Reviews of legendary band U2’s 13th studio album Songs of Innocence have been mixed, but the response by many iTunes users who were gifted a free copy last week has been anything but.
If you’re one of the growing chorus of people who’d rather not be stuck with an album you didn’t ask for – free or not – Apple has finally given you a simple way to get rid of it. Just click here.
“If you would like U2’s Songs of Innocence removed from your iTunes music library and iTunes purchases, you can choose to have it removed. Once the album has been removed from your account, it will no longer be available for you to redownload as a previous purchase. If you later decide you want the album, you will need to get it again. The album is free to everyone until October 13, 2014 and will be available for purchase after that date,” says Apple on the removal page.
All you have to do is click the button that says “Remove Album,” sign in with your Apple ID, and that’s it. No more U2.
If you’re an iTunes user you’re probably familiar with U2/Apple-gate. Last week, during Apple’s big press event for the iPhone 6, CEO Tim Cook announced that U2’s newest album, Songs of Innocence, would be given to every iTunes user – for free.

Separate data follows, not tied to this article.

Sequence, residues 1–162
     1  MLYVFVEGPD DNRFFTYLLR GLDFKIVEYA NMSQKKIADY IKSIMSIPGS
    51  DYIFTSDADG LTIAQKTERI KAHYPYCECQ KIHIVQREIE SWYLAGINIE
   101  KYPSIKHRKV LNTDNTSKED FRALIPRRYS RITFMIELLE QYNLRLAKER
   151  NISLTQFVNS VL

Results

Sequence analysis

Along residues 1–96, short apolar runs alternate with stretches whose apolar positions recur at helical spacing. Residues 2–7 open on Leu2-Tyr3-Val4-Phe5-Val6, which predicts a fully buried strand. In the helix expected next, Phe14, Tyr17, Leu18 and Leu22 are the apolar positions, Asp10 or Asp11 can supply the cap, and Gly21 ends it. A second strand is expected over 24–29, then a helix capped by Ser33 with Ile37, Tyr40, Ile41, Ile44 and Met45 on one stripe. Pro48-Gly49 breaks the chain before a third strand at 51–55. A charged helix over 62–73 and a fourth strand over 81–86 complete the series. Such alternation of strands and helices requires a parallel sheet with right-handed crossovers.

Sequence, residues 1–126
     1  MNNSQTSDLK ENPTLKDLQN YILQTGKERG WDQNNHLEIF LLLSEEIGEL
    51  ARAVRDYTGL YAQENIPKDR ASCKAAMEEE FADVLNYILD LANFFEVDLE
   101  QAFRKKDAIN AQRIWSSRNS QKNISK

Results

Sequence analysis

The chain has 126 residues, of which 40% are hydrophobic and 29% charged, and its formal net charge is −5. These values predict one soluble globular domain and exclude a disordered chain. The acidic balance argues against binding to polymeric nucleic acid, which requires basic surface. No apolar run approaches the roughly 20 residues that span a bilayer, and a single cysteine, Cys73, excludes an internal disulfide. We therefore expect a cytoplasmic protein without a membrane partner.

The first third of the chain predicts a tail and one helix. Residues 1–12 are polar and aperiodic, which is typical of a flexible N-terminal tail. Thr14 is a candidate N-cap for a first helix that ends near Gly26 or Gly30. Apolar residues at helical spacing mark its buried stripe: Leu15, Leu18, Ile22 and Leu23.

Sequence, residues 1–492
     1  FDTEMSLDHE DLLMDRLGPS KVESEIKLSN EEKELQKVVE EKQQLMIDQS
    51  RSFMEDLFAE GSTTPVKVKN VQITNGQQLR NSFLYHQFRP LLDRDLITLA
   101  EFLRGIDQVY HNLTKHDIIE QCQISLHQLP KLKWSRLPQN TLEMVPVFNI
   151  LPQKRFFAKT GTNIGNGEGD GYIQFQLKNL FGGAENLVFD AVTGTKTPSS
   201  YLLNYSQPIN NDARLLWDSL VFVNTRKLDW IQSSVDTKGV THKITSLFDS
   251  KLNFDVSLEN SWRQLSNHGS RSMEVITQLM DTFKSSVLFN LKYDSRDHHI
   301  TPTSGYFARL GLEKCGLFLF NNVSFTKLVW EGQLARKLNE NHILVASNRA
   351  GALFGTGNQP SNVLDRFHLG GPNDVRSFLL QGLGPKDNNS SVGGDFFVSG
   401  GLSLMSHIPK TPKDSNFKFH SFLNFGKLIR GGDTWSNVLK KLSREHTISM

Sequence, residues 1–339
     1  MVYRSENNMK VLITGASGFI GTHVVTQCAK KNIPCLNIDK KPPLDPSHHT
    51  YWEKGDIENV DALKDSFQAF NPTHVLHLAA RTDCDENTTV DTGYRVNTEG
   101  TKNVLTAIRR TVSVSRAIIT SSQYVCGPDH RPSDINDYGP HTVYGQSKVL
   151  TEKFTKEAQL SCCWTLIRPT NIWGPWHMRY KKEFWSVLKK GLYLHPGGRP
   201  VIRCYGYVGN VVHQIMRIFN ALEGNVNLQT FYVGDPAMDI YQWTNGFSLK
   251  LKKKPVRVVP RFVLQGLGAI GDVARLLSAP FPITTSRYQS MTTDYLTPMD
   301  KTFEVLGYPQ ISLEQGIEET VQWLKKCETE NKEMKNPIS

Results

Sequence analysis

But instead of simply allowing users to download the album for free if they wanted to do so, Apple pushed the album to everyone. It was mandatory U2. This was a common sentiment in the days that followed:
I can't believe the #U2 album was automatically added to my phone without my permission…I don't even want it. How can Apple do that?
— Savannah Wall (@sosavy) September 12, 2014
Now, after a few days of backlash, Apple has set up a dedicated album removal page.
For the deal, Apple reportedly gave U2 a giant royalty fee and a marketing budget of $100 million. Apple praised the album release as the biggest of all time, forgetting to mention that the record-breaking distribution was completely forced.
Nice try, Bono.